When everyone was waiting for Japan star Shohei Ohtani to land in the Big Leagues this winter and for his Major League career to start in 2018.
Everything seems to indicate that his arrival is still far from happening, because, according to Jon Morosi of MLB Network, sources familiar with the situation of the Japanese star, say that there was no progress in the negotiations regarding the posting system on Sunday night after concerns made the MLB Player's Association.
Shohei Ohtani’s move to @MLB in 2018 is not certain to happen. Source says there was no progress last night (Eastern time) in posting system negotiations, regarding MLBPA’s concerns. It’s now after midnight in Tokyo, less than 10 hours to deadline. @MLBNetwork— Jon Morosi (@jonmorosi) 20 de noviembre de 2017
Also, he stressed that they are less than 10 hours from the deadline in the Japan league for the player to be officially posted.
Although MLB and the Japan League reached a 'tentative' agreement to facilitate the arrival of Ohtani to the best baseball league in the world, it's been the MLBPA that has held up the deal due to the fact that they want Ohtani to receive some part of the $20 million dollar posting fee the Nippon-Ham Fighters would get.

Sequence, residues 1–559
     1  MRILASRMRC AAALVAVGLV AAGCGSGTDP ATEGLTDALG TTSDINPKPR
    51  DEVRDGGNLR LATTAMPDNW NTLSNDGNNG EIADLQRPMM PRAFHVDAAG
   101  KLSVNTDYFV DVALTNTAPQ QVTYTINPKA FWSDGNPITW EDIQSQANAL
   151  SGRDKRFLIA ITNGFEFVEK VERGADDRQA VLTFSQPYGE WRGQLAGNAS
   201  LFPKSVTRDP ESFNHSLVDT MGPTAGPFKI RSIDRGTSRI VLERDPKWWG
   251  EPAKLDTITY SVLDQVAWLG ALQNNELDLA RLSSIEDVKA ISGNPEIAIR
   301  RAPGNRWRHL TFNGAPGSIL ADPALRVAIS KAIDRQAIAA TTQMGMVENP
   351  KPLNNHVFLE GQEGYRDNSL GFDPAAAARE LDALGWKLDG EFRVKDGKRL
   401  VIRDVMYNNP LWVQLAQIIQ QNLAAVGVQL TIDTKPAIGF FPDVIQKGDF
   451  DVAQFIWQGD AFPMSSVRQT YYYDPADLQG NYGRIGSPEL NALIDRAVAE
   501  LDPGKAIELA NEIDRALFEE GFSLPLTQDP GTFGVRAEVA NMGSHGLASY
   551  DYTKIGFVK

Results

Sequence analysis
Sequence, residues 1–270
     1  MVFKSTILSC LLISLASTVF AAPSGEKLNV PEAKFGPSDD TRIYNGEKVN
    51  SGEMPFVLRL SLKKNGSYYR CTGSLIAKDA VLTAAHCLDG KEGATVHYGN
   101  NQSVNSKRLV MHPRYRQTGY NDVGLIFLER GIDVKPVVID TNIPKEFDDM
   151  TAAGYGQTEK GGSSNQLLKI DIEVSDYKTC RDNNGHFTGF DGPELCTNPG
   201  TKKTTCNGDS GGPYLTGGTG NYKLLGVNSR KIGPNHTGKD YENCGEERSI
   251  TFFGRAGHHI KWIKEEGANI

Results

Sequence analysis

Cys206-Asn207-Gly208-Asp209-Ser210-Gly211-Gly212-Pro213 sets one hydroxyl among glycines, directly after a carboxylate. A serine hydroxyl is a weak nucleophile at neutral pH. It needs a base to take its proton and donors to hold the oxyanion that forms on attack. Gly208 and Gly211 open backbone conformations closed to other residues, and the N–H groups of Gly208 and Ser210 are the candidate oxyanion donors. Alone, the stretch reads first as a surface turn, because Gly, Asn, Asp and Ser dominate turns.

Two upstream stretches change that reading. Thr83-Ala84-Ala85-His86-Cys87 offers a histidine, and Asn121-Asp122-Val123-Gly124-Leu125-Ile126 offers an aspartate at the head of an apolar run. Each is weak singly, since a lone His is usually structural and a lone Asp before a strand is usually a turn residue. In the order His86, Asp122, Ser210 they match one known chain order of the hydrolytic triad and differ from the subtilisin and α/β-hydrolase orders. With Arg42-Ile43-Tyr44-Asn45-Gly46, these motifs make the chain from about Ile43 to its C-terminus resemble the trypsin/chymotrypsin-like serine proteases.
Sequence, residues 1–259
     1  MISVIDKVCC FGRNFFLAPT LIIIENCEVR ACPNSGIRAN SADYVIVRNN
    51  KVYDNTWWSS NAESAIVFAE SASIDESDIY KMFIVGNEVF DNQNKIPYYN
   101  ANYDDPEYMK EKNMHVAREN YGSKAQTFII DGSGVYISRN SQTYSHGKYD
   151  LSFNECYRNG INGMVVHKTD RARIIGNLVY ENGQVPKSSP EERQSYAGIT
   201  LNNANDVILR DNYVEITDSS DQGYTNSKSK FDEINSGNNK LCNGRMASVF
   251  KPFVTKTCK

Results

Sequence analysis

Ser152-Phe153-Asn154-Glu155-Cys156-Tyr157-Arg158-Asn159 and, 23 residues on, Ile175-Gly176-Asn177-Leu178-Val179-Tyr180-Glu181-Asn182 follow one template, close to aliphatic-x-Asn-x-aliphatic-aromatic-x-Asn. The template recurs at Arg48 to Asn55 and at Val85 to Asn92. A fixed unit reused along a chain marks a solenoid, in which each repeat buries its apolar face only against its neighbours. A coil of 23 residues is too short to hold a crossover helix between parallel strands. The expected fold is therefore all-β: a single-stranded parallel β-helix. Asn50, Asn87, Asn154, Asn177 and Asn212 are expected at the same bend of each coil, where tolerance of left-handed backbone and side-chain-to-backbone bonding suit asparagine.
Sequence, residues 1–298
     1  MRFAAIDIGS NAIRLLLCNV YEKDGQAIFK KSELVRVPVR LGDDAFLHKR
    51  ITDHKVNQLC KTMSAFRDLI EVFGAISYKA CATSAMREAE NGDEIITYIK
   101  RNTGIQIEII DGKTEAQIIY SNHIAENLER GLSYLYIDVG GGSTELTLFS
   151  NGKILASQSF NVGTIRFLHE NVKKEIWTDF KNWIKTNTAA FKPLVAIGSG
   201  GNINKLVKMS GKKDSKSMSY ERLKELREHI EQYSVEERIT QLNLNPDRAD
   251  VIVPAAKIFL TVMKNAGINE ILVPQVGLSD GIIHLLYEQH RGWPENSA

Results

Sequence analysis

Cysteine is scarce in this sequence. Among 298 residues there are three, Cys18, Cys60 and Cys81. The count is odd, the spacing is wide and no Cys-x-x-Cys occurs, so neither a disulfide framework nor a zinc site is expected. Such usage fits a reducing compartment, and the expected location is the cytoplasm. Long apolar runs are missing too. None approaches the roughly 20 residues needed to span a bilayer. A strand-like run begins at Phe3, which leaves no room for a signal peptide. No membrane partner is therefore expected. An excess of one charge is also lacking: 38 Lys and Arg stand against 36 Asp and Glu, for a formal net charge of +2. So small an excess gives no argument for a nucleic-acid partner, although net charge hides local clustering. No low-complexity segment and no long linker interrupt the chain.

The MLBPA is against the fact that Ohtani would only receive between $300K and $3.5 million dollars and not a cent from the $20 million posting fee.
Some of the teams interested in the signing the player that has been called the new "Babe Ruth" are: New York Yankees, Los Angeles Dodgers, Texas Rangers, Seattle Mariners and pretty much any other team in the Big Leagues.
The Yankees have been mentioned to be the favorites to sign the flamethrower and home run hitter in one.
Otani was plagued by injuries this season, finishing with a .332 batting average in 65 games and pitching for 3.20 ERA in 5 starts in the Japan League.
CAA Sports is the agency representing the Japanese player, which also represents several other Major League players like the Giants catcher, Buster Posey, and Mets pitchers, Jacob deGrom and Noah Syndergaard.